On Rarotonga, we were staying at Reflections (tel: 682-23703; fax: 011-682-23702; in one of three beautifully furnished new villas directly on Muri Beach, and our hostess was beside herself. The previous guests had some CDs and pocket change stolen when they forgot to lock the patio door. Petty theft is not unusual in most holiday destinations, but it doesn't happen here. Our hostess knows everyone on Raro; she would know the kids who did this and that bothers her. "It may have been street kids," she says hopefully -- troublemaking teens from New Zealand sent by their families in the hopes their relatives can reform them by reconnecting them with the traditional ways. They don't live on the streets, they simply roam them.

Unlike Australia, a land teaming with creatures that can kill you painfully and quickly, the Cook Islands contain nothing that can even seriously harm you. Including other people, apparently, since there is no violent crime. Until I visited the South Pacific, I assumed that every tropical Eden came with its serpents; God's way of balancing out the perfection of paradise. But the Cooks are free of snakes and have no poisonous insects. There are sharks, but, unlike other South Pacific islands, no one I spoke to could ever remember a shark attack here.

The following day we took an hour flight to Aitutaki, a very small island north of Rarotonga. Islets, called motus, ring a green-blue lagoon. The largest of these, and the only one inhabited, is Aitutaki. It's often cited as the South Pacific island most in touch with Polynesian tradition and is often compared to the Bora-Bora of the 1950s, though it's probably one-tenth the price of Bora-Bora today. Only 13 square kilometres, Aitutaki is easily explored in half a day by bike or scooter. Many people come here from Raro for a day trip. They all regret it. One day is not enough. Come for a week if you can; it is the perfect place to relax and do nothing.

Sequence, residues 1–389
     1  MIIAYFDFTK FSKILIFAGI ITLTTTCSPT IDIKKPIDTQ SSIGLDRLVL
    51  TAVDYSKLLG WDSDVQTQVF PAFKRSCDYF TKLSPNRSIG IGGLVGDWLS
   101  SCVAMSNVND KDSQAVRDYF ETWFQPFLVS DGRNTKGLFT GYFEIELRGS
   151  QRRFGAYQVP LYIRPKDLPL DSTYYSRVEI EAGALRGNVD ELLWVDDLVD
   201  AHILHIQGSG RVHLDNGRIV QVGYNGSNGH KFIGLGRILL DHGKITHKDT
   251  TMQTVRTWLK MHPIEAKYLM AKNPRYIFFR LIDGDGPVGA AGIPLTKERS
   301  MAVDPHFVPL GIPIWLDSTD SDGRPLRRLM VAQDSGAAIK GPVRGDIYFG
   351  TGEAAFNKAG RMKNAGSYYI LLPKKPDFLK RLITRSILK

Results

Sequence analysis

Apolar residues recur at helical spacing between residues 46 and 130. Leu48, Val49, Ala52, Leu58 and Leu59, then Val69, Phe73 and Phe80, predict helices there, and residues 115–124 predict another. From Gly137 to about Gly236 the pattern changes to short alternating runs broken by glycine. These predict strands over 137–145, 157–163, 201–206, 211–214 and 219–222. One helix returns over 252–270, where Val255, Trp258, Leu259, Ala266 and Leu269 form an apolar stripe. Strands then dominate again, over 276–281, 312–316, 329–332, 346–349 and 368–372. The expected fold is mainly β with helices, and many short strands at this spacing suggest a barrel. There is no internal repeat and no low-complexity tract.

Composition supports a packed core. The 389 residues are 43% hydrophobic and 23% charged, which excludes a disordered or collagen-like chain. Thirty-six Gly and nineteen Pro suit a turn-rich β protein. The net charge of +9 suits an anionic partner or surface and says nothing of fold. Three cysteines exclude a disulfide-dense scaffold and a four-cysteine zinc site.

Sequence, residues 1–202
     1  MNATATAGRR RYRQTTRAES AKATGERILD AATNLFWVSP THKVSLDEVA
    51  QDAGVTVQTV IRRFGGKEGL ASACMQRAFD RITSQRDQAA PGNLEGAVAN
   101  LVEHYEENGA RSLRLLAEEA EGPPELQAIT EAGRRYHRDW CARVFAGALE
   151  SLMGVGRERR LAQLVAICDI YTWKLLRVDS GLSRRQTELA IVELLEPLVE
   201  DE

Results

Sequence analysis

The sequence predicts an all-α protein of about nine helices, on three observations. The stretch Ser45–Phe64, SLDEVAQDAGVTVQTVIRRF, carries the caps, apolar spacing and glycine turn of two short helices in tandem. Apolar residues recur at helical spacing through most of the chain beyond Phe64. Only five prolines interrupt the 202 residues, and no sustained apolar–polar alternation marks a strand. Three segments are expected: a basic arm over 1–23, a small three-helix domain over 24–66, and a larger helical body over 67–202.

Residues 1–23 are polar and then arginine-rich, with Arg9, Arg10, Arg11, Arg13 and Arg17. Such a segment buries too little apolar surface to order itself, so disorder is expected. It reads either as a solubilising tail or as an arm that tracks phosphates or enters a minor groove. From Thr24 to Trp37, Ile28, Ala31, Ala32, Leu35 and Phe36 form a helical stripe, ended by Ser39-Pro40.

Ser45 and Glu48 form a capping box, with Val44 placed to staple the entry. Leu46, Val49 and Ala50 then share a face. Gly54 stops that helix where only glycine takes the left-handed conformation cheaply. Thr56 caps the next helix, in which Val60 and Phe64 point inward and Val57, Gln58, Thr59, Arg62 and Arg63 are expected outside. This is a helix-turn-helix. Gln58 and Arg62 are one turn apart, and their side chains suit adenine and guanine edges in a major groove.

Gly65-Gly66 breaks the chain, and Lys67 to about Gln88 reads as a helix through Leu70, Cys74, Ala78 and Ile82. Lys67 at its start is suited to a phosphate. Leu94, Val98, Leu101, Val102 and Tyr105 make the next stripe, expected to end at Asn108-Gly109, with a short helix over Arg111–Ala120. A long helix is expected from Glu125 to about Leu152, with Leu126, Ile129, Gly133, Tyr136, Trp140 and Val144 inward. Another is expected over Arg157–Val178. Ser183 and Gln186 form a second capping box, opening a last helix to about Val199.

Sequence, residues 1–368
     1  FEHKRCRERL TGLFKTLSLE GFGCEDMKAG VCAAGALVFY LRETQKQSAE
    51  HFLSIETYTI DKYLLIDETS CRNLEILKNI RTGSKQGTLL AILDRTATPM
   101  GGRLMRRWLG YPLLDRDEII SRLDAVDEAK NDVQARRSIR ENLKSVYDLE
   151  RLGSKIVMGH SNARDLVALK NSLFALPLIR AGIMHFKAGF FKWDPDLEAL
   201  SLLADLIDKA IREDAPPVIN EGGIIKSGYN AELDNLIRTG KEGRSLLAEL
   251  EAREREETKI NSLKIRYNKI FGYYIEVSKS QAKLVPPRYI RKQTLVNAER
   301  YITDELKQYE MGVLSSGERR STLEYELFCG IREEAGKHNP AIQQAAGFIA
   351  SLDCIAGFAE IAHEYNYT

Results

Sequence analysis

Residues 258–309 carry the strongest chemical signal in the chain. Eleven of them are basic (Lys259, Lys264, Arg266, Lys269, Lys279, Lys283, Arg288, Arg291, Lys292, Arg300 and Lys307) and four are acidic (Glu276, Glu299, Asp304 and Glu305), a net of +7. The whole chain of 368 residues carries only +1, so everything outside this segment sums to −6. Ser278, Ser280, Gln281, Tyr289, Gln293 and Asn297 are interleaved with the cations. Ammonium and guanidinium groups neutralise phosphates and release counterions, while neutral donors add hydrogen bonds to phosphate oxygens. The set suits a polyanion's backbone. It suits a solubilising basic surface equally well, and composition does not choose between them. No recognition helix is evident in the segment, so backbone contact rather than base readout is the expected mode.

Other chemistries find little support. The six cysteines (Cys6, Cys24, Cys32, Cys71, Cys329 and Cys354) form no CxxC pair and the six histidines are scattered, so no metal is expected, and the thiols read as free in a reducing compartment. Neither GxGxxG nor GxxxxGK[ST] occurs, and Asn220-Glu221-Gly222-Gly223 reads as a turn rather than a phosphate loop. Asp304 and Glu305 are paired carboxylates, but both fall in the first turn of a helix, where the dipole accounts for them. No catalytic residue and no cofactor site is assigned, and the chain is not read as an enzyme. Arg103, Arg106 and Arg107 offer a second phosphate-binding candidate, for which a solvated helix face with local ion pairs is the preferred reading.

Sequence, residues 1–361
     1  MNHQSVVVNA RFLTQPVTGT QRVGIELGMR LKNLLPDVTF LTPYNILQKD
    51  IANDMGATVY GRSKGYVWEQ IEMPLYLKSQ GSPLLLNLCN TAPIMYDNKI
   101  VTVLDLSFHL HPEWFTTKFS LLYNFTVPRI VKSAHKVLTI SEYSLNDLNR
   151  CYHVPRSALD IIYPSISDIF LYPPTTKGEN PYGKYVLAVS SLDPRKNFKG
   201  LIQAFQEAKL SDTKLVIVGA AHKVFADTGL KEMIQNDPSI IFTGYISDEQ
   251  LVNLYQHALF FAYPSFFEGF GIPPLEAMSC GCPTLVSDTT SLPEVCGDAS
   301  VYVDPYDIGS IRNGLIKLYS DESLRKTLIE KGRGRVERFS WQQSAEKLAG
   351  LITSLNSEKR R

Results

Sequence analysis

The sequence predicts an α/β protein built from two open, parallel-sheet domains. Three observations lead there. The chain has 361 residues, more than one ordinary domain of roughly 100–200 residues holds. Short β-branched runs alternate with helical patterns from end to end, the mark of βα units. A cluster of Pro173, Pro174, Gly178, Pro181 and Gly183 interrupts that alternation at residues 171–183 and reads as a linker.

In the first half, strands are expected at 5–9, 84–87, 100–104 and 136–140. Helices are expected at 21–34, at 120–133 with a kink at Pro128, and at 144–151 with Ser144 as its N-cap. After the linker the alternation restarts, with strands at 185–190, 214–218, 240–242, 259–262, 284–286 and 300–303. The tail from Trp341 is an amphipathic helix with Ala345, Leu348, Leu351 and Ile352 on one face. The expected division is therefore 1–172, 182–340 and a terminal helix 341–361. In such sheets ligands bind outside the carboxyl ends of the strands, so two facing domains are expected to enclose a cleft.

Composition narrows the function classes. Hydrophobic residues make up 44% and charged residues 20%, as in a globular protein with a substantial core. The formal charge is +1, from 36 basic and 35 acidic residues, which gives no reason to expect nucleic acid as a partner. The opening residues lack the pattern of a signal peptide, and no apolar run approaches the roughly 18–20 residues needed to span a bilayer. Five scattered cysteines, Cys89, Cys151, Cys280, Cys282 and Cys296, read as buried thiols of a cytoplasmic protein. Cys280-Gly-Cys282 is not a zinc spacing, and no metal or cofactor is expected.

Big Blue
The Fijian resort owner was right -- Aitutaki was beautiful, but we hadn't seen any hula girls yet. In fact, we had hardly seen anyone at all.

It was 2 pm and we were floating on a seatless dive boat just outside the lagoon, in front of the main village of Arutanga. "It's too busy on this island now," our dive master complained. "I used to have time to play in the Chicken Run [weekly golf tournament], but now I am too busy." Nathan, the 20-something dive master, has the only scuba-diving operation on the island. We were the only two divers. We couldn't see anyone in town, though there were a couple of young men spearfishing in the lagoon. Aside from tropical fish, a turtle and sea cucumbers encountered during our dive, we hadn't seen a lot of other beings. It was beautiful and pristine and anything but busy.

Aitutaki sits at the north point of a 12-kilometre lagoon. There are 21 motus around the lagoon and a number of islands so tiny that they are essentially sand bars, disappearing when the tide comes up. There are no buildings, no garbage and nearly no people. The local water taxis will take you to your own tropical paradise for a day, and isolation comes at bargain-basement prices. The water is always warm, the sun always bright and the snorkelling is superb.

After a busy day of relaxing on the lagoon, the restaurant of your choice (there are presently six) will come pick you up at your hotel to take you to dinner. No trip to the Cooks is complete without attending Island Nights -- an evening of local food and dancing. Rumour has it that the most authentic is held on Tuesdays at Samade, a sand-floored restaurant directly on Aitutaki's lagoon. I am always wary of this type of entertainment. It's never far off from the tacky tourist shows at the all-inclusive bargain destinations where the "local dancing" seems to showcase some of the same moves you saw at a show halfway across the world.

But Aitutaki was different. That's right: real live hula girls, mate. We finally found them, in all their teenage glory. And I have to say they were quite lovely. And they did have moves you couldn't learn in a lesson -- at least on the dance floor.

South Pacific Islanders hold dance competitions like we hold softball tournaments and curling bonspiels. And the Aitutakian dancers are known to be faster and more dexterous than all the rest. The girls are young, classic Polynesian beauties in grass skirts and coconut-shell bikini tops, which seem glued on. Amazingly to me, their proud mothers stood just offstage, silently wiggling along with pride. My mother would have had a fit if she ever saw me dressed like that -- and if she ever saw me move like that (I only wish I could), I would have been banned to the basement forever. But, these mothers were once hula girls too, and they beamed with pride.